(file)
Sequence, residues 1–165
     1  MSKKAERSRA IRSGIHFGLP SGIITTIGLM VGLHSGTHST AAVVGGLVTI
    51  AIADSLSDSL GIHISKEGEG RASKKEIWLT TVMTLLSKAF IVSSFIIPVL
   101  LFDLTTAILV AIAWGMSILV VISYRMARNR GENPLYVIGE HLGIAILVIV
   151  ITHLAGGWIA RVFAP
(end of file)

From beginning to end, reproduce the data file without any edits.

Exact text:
Sequence, residues 1–165
     1  MSKKAERSRA IRSGIHFGLP SGIITTIGLM VGLHSGTHST AAVVGGLVTI
    51  AIADSLSDSL GIHISKEGEG RASKKEIWLT TVMTLLSKAF IVSSFIIPVL
   101  LFDLTTAILV AIAWGMSILV VISYRMARNR GENPLYVIGE HLGIAILVIV
   151  ITHLAGGWIA RVFAP